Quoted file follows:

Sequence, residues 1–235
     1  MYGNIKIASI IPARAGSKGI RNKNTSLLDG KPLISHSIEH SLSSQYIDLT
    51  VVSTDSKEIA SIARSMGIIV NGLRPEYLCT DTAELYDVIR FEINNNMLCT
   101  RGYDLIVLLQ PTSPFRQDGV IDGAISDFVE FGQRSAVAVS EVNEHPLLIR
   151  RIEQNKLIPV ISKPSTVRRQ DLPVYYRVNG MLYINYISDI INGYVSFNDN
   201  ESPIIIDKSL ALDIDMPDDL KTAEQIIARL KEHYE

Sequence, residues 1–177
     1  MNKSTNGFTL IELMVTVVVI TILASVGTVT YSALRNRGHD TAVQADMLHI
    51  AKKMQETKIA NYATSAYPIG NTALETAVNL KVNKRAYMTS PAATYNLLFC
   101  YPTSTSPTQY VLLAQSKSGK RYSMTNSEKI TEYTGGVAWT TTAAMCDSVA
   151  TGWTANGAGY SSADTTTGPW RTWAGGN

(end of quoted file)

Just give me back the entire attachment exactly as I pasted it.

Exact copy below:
Sequence, residues 1–235
     1  MYGNIKIASI IPARAGSKGI RNKNTSLLDG KPLISHSIEH SLSSQYIDLT
    51  VVSTDSKEIA SIARSMGIIV NGLRPEYLCT DTAELYDVIR FEINNNMLCT
   101  RGYDLIVLLQ PTSPFRQDGV IDGAISDFVE FGQRSAVAVS EVNEHPLLIR
   151  RIEQNKLIPV ISKPSTVRRQ DLPVYYRVNG MLYINYISDI INGYVSFNDN
   201  ESPIIIDKSL ALDIDMPDDL KTAEQIIARL KEHYE

Sequence, residues 1–177
     1  MNKSTNGFTL IELMVTVVVI TILASVGTVT YSALRNRGHD TAVQADMLHI
    51  AKKMQETKIA NYATSAYPIG NTALETAVNL KVNKRAYMTS PAATYNLLFC
   101  YPTSTSPTQY VLLAQSKSGK RYSMTNSEKI TEYTGGVAWT TTAAMCDSVA
   151  TGWTANGAGY SSADTTTGPW RTWAGGN